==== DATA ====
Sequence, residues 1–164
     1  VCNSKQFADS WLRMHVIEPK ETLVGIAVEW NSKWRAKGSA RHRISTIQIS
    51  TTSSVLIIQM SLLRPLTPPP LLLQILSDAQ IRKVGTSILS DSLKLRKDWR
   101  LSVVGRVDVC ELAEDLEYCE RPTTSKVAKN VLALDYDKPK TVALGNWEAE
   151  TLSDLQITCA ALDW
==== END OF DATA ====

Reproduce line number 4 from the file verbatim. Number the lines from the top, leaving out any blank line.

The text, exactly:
   101  LSVVGRVDVC ELAEDLEYCE RPTTSKVAKN VLALDYDKPK TVALGNWEAE